Reduce the number of meetings to a minimum
Meetings affect productivity

Since 2020, thanks to remote work, the average length of meetings in companies has dropped by 20%, but the number of meetings attended by an employee has increased by an average of 13.5%. In addition, new managers hold almost a third more meetings than their experienced colleagues.

Other studies do not leave a dry eye on company meetings. They include that there are too many of them:

  • 91% of employees do not focus on the meetings but rather luxuriate in them,
  • 39% of employees admitted that they fell asleep during a meeting,
  • 96% have missed at least one “mandatory” meeting,
  • 73% of people work on their tasks during meetings instead of actively participating in them,
  • 50% of employees consider meetings a waste of time,
  • 89% of employees complain about “ineffective or poorly organized meetings.”

Drastically cutting the number of meetings can not only reduce our reluctance to work with other team members but also directly affect productivity.

Reducing meetings by 40% increases employee productivity by 71%.

So you might want to consider introducing the idea of a day (or even days) without meetings into your organization.

MIT Sloan found that when two days without meetings per week were scheduled, employee productivity increased by 71%. This was because they felt more empowered to deal with items that were on their to-do lists. This allowed them to focus on prioritizing them and the things that were really important.

Asynchronous work

Another noteworthy step is to focus on asynchronous work. Although the name sounds very technical, what lies behind it is much simpler than it sounds, and we do it every day. Asynchronous communication is any communication between people that does not require them to be in the same physical space and/or communicate at exactly the same time.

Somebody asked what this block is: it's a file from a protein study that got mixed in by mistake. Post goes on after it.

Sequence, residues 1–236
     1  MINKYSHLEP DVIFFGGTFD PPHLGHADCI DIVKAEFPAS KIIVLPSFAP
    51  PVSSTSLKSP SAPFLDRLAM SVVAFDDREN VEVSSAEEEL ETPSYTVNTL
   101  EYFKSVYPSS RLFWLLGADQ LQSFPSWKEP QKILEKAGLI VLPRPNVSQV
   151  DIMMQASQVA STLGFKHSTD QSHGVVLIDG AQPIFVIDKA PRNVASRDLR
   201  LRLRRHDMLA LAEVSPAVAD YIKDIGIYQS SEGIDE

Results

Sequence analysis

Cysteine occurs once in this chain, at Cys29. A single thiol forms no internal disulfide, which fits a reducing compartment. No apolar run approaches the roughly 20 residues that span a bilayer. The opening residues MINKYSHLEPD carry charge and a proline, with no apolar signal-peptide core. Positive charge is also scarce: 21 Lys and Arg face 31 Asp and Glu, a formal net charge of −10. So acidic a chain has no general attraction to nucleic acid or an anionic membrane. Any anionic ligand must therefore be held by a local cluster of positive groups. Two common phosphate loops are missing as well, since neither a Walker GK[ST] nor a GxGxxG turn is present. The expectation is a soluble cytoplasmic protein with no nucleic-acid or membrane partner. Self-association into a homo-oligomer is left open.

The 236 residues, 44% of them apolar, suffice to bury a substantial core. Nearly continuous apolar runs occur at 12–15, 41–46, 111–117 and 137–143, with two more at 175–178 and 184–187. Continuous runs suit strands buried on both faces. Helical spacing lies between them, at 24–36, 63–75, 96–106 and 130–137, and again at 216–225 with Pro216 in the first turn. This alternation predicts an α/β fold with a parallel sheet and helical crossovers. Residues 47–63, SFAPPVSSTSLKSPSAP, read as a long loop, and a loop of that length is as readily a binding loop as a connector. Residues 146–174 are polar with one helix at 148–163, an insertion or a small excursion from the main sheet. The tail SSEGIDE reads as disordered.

Asynchronous work and productivity

Examples of asynchronous communication include corporate instant messaging or email. When engaging in a dialogue with a co-worker, we don’t expect him to respond immediately after we ask him a question. Instead, he will respond as soon as he is able.

With this approach, we will focus on our main tasks. In addition, we will have enough time to focus, and we will answer other people when we find the right space to do so.

Additionally, according to a survey conducted by GitHub:

Only 3% of respondents prefer verbal communication to written communication. Only 12% believe they have had trouble getting others’ attention through asynchronous communication.

In another survey, employees themselves were asked what they thought about their productivity. The results were very surprising.

Only 7% of employees feel productive in the workplace. Their unproductivity stems from the fact that they spend most of their workday distracted.

Diving into other data and research, we can find even more advantages of such work.

  • 61% of employees say that asynchronous communication provides a better work-life balance,
  • and 35% of employees believe that asynchronous work provides more meaningful and less distracting communication.

Unfortunately, not all companies enjoy the benefits of this form of collaboration.

58% say their company does not have the tools to support asynchronous work.